Our first event on Monday is outrageous…I won’t describe it as some of you may be considering coming to the workshop, and I don’t want you coming in with images in mind that you want to duplicate. Each workshop is a unique event and should be about the individual capturing their own vision. The workshop is constructed so we all shoot the same event…which works perfectly for this style event. One photographer will shoot the session one way, another photographer will bring an entirely different look to the shoot. In the projection sessions that occur daily, everyone is always amazed-and educated-by how differently the work looks.

Horses running by my cabin  Olympus E-M1 40-150 Pro lens

Horses running by my cabin                                                                                    Olympus E-M1 40-150 Pro lens

It was a nice break, coming back in August after the two workshops in the last two weeks of June. The days were shorter, mosquitoes were pretty much gone, and the summer light is always beautiful in Wyoming.

Backstage at the Dubois Rodeo  Olympus E-M1 12-40mm Pro lens

Backstage at the Dubois Rodeo                                     Olympus E-M1 12-40mm Pro lens 3200 ISO

In the workshop, I talk about visual narrative, which includes: sense of place, introducing your characters, bringing in detail, capturing the power of moments and closing your story are a perfect blend for the final event, the rodeo. This “template” of visual narrative translates perfectly to your own style of photography, as it works in capturing the story of your life…

Hope you enjoy the images from this last week of the CM Ranch Workshop, stay tuned.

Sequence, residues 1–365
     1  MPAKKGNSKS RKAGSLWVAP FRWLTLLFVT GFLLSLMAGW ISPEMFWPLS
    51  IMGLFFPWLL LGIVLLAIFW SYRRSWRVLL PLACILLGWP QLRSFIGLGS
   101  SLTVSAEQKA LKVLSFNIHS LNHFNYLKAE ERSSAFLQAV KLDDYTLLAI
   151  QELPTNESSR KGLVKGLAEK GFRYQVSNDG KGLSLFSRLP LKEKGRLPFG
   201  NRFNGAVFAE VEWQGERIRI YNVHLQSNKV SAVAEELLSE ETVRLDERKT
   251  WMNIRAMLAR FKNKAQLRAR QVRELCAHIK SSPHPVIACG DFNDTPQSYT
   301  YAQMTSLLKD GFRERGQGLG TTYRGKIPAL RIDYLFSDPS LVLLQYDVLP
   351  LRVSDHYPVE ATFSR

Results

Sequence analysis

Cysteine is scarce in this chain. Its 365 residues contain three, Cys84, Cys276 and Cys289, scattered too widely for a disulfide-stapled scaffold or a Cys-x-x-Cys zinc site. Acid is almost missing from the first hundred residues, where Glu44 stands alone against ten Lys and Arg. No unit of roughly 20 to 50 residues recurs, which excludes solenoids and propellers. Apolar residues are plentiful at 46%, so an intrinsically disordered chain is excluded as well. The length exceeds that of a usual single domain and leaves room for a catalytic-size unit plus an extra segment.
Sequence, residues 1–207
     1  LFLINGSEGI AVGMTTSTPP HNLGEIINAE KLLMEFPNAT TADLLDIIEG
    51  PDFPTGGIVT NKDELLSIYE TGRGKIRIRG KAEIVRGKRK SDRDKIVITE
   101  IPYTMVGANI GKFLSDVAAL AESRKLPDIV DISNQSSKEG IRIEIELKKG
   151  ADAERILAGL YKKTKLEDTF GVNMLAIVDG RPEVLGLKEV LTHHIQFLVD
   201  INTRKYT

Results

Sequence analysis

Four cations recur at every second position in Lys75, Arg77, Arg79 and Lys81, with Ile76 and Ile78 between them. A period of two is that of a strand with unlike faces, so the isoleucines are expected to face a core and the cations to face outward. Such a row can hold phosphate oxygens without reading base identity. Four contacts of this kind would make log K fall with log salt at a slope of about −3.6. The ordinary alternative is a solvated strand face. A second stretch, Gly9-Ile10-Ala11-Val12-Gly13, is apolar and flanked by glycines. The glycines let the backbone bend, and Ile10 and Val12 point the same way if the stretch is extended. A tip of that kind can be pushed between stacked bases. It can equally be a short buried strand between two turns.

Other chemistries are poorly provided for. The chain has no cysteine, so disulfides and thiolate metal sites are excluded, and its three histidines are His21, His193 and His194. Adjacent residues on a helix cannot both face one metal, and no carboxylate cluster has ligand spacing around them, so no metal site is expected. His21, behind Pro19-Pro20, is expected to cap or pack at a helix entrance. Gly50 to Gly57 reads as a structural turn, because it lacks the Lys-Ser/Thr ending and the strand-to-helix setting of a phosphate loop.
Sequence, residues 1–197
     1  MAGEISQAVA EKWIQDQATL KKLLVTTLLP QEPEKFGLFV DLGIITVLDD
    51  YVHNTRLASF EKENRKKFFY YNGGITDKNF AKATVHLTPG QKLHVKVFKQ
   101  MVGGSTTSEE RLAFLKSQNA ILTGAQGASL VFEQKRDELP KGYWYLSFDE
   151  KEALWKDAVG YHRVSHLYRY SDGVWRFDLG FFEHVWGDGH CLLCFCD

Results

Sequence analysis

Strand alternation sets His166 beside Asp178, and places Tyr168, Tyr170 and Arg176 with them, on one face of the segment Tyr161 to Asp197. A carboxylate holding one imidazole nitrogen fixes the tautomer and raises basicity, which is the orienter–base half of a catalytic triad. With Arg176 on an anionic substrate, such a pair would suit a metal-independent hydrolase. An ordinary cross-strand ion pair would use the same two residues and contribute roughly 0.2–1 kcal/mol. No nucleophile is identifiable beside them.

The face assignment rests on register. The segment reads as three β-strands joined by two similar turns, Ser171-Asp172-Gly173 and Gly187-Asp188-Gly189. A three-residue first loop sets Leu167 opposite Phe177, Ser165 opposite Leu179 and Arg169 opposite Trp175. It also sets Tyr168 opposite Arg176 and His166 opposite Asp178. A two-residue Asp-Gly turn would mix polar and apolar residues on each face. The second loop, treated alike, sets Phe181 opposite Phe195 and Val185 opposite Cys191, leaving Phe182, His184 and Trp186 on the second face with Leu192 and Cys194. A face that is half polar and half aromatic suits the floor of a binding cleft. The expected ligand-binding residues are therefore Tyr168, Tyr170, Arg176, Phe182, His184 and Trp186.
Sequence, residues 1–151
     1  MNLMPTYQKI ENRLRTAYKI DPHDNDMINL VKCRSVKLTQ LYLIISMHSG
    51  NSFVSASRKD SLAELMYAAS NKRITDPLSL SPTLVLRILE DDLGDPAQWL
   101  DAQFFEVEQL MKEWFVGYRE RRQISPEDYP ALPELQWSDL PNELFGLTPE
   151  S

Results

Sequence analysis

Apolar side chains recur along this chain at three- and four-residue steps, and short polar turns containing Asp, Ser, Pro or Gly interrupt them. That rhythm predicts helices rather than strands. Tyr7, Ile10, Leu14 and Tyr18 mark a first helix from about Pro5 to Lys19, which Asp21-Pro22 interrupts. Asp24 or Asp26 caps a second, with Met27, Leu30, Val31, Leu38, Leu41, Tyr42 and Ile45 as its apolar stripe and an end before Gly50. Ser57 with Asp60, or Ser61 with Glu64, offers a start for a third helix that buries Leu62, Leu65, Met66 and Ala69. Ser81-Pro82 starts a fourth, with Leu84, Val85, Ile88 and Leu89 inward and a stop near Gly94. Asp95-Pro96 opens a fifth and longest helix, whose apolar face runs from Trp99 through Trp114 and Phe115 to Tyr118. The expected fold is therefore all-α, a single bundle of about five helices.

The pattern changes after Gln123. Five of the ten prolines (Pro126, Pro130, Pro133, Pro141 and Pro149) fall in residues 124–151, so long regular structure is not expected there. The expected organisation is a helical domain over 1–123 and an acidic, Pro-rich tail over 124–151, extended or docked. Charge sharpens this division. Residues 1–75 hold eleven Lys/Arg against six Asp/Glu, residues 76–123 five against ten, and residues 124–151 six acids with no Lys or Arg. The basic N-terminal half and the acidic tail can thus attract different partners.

Preparing for rodeo Olympus E-M1 12-40 Pro lens

Preparing for rodeo Olympus                                                                     E-M1 12-40 Pro lens

Dubois Rodeo   Olympus E-M1 7-14 Pro lens

Dubois Rodeo                                                                                                    Olympus E-M1 7-14 Pro lens

Horses driven across Jakey's Fork  Olympus E-M1 40-150 Pro lens

Horses driven across Jakey’s Fork                                                                             Olympus E-M1 40-150 Pro lens

Horses driven across Jakey's Fork  Olympus E-M1 12-40 Pro lens

Horses driven across Jakey’s Fork                                                         Olympus E-M1 12-40 Pro lens

Wrangler    Olympus E-M1 12 mm f2

Wrangler                                                                                         Olympus E-M1 12 mm f2

Studio Cabin     Olympus E-M5  8mm f1.8 Pro lens

Studio Cabin                                                                                    Olympus E-M5 Mk II  8mm f1.8 Pro lens

One of the real amazing aspects of digital photography: how long exposures can really “open up” the night sky.  The image above is the Milky Way, shot from directly in front of our cabin, Studio, at the CM Ranch.

CM Wrangler Jess Howard   Olympus E-M1 40-150 Pro lens

CM Wrangler Jess Howard after muddy ride                                                              Olympus E-M1 40-150 Pro lens

Afternoon at the CM Ranch

Afternoon at the CM Ranch                                                                                  Olympus E-M1 40-150 Pro lens